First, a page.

32. The Governor-General in Council may cause writs to be issued for general elections of members of the House of Representatives. After the first general election, the writs shall be issued within ten days from the expiry of a House of Representatives or from the proclamation of a dissolution thereof.
33. Whenever a vacancy happens in the House of Representatives, the Speaker shall issue his writ for the election of a new member, or if there is no Speaker or if he is absent from the Commonwealth the Governor-General in Council may issue the writ.
34. Until the Parliament otherwise provides, the qualifications of a member of the House of Representatives shall be as follows:--
(i.) He must be of the full age of twenty-one years, and must be an elector entitled to vote at the election of members of the House of Representatives, or a person qualified to become such elector, and must have been for three years at the least a resident within the limits of the Commonwealth as existing at the time when he was chosen:
(ii.) He must be a subject of the Queen, either natural-born or for at least five years naturalised under a law of the United Kingdom, or of a Colony which has become or becomes a State, or of the Commonwealth, or of a State.
35. The House of Representatives shall, before proceeding to the despatch of any other business, choose a member to be the Speaker of the House, and as often as the office of Speaker becomes vacant the House shall again choose a member to be the Speaker. The Speaker shall cease to hold his office if he ceases to be a member. He may be removed from office by a vote of the House, or he may resign his office or his seat by writing addressed to the Governor-General.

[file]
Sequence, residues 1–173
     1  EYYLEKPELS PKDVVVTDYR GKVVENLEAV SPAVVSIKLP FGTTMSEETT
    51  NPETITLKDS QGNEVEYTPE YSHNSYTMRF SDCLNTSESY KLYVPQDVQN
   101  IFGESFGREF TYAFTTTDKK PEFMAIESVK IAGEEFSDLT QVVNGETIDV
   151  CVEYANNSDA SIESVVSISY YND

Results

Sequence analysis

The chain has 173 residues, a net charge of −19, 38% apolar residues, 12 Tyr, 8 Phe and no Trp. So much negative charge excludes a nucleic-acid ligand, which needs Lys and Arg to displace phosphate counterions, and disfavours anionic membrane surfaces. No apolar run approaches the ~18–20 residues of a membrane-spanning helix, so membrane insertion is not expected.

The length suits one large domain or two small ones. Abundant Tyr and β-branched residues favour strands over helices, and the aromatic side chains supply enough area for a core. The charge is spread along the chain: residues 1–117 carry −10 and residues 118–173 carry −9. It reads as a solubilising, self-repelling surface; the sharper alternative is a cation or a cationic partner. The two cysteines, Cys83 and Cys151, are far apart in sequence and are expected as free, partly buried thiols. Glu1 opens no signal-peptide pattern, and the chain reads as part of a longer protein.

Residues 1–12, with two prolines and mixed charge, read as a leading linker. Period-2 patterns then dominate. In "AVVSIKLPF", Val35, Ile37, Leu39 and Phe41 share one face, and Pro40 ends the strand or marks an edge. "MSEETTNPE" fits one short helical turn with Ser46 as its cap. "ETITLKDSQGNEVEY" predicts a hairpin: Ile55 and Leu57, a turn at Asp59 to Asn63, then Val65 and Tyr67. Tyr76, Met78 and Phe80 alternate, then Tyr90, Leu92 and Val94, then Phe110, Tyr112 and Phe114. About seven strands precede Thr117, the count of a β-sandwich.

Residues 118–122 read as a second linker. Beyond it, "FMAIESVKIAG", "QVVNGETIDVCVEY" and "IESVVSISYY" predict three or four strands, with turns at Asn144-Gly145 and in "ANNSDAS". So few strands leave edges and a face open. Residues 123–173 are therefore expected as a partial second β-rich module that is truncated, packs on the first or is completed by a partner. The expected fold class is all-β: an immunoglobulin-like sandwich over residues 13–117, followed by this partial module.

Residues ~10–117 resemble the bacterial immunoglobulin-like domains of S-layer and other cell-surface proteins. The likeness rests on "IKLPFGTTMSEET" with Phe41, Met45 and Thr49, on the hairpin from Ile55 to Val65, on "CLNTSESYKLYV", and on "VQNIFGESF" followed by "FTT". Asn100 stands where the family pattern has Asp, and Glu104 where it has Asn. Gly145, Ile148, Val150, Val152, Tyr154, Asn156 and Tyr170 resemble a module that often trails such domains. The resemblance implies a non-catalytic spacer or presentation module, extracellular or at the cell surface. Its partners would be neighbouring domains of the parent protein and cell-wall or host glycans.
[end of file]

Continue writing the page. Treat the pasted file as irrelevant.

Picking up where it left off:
36. Before or during any absence of the Speaker, the House of Representatives may choose a member to perform his duties in his absence.
37. A member may by writing addressed to the Speaker, or to the Governor-General if there is no Speaker or if the Speaker is absent from the Commonwealth, resign his place, which thereupon shall become vacant.
38. The place of a member shall become vacant if for two consecutive months of any session of the Parliament he, without the permission of the House, fails to attend the House.
39. Until the Parliament otherwise provides, the presence of at least one-third of the whole number of the members of the House of Representatives shall be necessary to constitute a meeting of the House for the exercise of its powers.
40. Questions arising in the House of Representatives shall be determined by a majority of votes other than that of the Speaker. The Speaker shall not vote unless the numbers are equal, and then he shall have a casting vote.
Constitution of Australia
Chapter I. The Parliament
Chapter I. Part II - The Senate
Chapter I. Part III - The House of Representatives
next Chapter I. Part IV - Both Houses of the Parliament
Chapter I. Part V - Powers of the Parliament
Chapter II. The Executive Government
Chapter III. The Judicature
Chapter IV. Finance and Trade
Chapter V. The States
Chapter VI. New States
Chapter VII. Miscellaneous
Chapter VIII. Alteration of the Constitution